• FULL ARTICLEJ. Biophotonics 4, No. 3 (2011) 185 Traditionally, detection technology used in con- an array of piezoelectric transducers made fromventional ultrasonic imaging is based on piezoelec- PVDF [14] in Section 5. Finally, in Section 6, conclu-tric transducers, which are highly sensitive but have sions and future work are presented.a narrow bandwidth resulting from their resonantnature. However the optoacoustic signals generatedrequire broadband detectors to image the differentsizes of absorption regions within the body. The de- 2. Principle of fiber optic sensor operationtectors based on thin piezoelectric polymer films,like polyvinylidene fluoride (PVDF), can be made The operation of an optical fiber interferometric sen-sensitive over an ultrawide-band using appropriate sor is based on the transduction of the ultrasonicbacking and front matching materials. However, wave by a phase shift of the light traveling throughtheir sensitivity decreases as their size is reduced. the fiber. By means of a Mach-Zehnder interferom-This presents a problem when detecting high ultra- eter the phase shift of light is transformed into asonic frequencies where both the small thickness of variation in the optical intensity. Finally, the opticalthe detector, required for high axial resolution, and signal is converted to a voltage signal using a photo-the small width of the transducer element, required diode and a transimpedance amplifier. Consideringfor high lateral resolution and improved image fi- all these factors, the total sensitivity of the detector,delity, reduce its sensitivity. Another drawback to i.e. the relation between the output voltage and thepiezoelectric sensors, related to their electrical nat- acoustic pressure, may be expressed asure, is that they are not immune to electromagneticinterference. DV DV DI Df ¼ ð1Þ Over the past 30 years, optical detection of ultra- DP DI Df DPsound has been studied as an alternative to piezo- where P is the acoustic pressure amplitude, f is theelectric technology. Clear distinctions can be made phase of the light, I is light intensity at the interfe-between two types of ultrasound optical sensors, rometer output and V is the voltage at the output ofthose that monitor pressure induced displacements the transimpedance amplifier.of a membrane or resonant optical cavity; and others In general, an acoustic wave that is incident onthat are based on a pressure induced index refrac- an optical fiber induces strain, thus producing a re-tion variation in or around the sensor material. In fractive index variation that modifies the phase ofthe first group, the following sensors can be found: light, given by Dj ¼ kðn Dl þ l DnÞ, here k is the la-etalons [9], fiber Bragg gratings [10], and dielectric ser wave number, l is the length of the sensing seg-multilayer interference filters [11]. Intrinsic fiber ment andnis the effective refractive index of the op-optic interferometric sensors [12] form part of the tical fiber. At ultrasonic frequencies, the inducedsecond group. All these optical sensors, contrary to strain, localized on a fiber segment of length l, canpiezoelectric transducers, are not affected by exter- be considered axially constrained, thus the phasenal electromagnetic disturbances or other artifacts shift induced is mainly governed by the strain-opticlike electrical noise and thermal signals produced effect taking into account in l Dn factor. Within theby the direct laser pulse illumination. In particular, regime d ( la, where d is the optical fiber diameterthe fabrication of intrinsic fiber optic interferometric and la is the acoustic wavelength, it can be assumedsensors is straightforward and involves the use of that the acoustic strain has radial symmetry, thuslow cost materials. Moreover the sensitivity of these there is no birefringence induced. The effective re-sensors can be improved by appropriate folding or fractive index perturbation is linear and proportionalcoiling of the fiber [13] which increases the surface to the pressure wave magnitude, Pð~ tÞ: r;area that interacts with the acoustic field. In this work the principle of operation of the Dnð~ tÞ ¼ aPð~ tÞj~¼~ l; r; r l ð2Þultrasonic optical fiber interferometric sensor is in-troduced in Section 2. We present, in Section 3, the Where a is a proportional constant that depends oncharacterization of the acoustic sensitivity of the op- the acoustic coupling conditions, Young’s modulus,tical fiber used to develop the sensor for the fre- the Poisson ratio and the strain-optic tensor of thequency range from 100 KHz to 10 MHz. Also, in this optical fiber material; and ~ is the position in the lsection, we compare the optoacoustic signals de- fiber. The total phase induced is the result of the in-tected using this fiber optic interferometric sensor to tegration of refractive index perturbations along thethose obtained using a PVDF transducer. In Sec- optical fiber.tion 4, a summary of the back projection algorithm Ð DfðtÞ ¼ k Dnðl; tÞ dl ð3Þand wavelet processing used to reconstruct opto-acoustic images are both introduced. We compare an The phase shift can be increased using a longer fiberimage obtained from a phantom mimicking soft tis- segment exposed to the acoustic wave. However, thesues by this system with other image obtained using use of large fiber arrangements at frequencies # 2011 by WILEY-VCH Verlag GmbH & Co. KGaA, Weinheim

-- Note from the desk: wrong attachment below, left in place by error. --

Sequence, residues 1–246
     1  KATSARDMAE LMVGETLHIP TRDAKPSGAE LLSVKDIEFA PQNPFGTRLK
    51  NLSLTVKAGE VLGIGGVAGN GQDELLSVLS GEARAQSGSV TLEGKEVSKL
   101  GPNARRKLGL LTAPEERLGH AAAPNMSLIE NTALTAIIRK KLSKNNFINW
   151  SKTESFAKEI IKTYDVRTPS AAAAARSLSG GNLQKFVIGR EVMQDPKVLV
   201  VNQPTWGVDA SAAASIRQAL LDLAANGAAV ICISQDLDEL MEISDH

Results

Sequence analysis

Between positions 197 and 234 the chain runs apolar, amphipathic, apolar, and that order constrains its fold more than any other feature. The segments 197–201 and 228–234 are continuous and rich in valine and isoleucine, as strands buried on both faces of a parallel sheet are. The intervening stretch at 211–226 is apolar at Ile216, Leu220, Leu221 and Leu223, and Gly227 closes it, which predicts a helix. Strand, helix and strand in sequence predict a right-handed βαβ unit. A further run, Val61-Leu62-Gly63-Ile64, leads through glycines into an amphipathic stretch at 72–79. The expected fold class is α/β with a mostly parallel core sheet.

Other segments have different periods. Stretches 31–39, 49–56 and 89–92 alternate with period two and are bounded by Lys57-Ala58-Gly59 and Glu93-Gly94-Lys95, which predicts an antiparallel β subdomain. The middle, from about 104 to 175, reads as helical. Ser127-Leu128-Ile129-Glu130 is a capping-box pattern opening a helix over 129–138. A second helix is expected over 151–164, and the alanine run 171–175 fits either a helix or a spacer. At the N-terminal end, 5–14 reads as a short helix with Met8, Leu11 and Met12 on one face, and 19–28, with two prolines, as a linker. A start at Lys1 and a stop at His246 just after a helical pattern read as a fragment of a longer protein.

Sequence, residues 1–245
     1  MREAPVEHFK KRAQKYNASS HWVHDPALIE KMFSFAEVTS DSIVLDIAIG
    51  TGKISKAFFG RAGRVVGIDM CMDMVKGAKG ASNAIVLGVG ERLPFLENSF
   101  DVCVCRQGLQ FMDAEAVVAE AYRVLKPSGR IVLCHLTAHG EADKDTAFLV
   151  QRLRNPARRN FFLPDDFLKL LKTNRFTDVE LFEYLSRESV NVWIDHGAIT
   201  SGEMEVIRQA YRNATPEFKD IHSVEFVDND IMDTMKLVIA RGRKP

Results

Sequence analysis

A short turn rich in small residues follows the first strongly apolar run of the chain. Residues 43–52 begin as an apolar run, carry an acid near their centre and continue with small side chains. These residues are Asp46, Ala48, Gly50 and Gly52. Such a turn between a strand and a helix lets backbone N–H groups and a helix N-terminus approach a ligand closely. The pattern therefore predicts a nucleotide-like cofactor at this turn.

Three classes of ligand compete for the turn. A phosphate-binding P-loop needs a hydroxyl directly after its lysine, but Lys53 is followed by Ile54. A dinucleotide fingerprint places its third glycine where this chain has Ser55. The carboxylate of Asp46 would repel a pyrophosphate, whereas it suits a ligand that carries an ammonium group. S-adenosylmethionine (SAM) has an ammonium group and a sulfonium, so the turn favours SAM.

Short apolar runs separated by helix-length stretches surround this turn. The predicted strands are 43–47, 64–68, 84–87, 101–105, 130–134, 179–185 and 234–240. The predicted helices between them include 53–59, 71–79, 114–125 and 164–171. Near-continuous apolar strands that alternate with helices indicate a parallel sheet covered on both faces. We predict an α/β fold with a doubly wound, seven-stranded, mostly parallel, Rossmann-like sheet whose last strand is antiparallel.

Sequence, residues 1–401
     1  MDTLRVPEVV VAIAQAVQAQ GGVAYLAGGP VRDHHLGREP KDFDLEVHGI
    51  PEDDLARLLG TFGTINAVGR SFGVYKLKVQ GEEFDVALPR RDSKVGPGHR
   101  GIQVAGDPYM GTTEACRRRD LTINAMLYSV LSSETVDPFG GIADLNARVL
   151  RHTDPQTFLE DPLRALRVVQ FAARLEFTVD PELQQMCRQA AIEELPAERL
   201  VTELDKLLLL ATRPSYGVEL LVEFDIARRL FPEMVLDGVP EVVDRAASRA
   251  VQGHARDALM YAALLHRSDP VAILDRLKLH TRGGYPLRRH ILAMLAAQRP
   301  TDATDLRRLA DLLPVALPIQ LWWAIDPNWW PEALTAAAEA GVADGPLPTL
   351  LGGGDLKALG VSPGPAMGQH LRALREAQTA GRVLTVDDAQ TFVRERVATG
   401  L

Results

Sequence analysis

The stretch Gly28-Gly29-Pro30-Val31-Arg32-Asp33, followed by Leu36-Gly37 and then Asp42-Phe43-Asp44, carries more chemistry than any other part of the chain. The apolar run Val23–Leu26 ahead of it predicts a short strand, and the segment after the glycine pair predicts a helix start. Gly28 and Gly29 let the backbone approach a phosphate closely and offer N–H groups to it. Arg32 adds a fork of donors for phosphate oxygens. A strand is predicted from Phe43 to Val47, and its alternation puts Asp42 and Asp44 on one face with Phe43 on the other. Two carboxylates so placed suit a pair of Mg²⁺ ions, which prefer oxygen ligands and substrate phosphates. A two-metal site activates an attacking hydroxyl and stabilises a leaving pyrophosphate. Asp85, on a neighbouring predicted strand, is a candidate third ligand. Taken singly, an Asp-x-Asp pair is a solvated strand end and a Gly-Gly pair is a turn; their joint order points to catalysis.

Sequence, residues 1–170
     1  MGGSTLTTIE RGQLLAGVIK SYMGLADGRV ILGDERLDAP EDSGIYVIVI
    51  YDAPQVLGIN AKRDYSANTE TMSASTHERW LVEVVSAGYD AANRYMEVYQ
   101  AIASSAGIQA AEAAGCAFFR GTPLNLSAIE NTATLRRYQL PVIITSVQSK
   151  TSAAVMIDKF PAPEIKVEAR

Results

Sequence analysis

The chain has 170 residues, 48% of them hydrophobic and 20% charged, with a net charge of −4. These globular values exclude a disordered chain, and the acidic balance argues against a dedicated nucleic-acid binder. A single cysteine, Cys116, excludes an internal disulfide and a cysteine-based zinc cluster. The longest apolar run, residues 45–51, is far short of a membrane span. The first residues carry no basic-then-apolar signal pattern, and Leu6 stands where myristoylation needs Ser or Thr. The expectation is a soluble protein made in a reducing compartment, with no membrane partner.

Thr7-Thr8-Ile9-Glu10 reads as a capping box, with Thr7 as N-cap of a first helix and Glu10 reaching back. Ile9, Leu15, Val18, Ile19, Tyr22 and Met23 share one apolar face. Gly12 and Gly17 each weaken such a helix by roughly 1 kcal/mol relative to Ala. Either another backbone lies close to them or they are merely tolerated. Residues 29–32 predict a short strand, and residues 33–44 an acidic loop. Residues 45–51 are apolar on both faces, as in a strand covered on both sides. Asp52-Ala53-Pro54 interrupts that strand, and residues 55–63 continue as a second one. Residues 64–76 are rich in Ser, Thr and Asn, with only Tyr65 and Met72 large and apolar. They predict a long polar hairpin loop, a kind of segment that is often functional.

• Journal ofBIOPHOTONICS186 H. Lamela et al.: Interferometric fiber optic sensors for biomedical applications of optoacoustic imaging I tain constant sensitivity and linearity. This can be achieved by using a phase stabilization device [15] that fixes the operating point to the region of the maximum slope in the transfer function (i.e. quadra- ture point). In this position of quadrature, if the ΔI acoustically induced phase shift is small, Df ( 1, the interferometric sensitivity is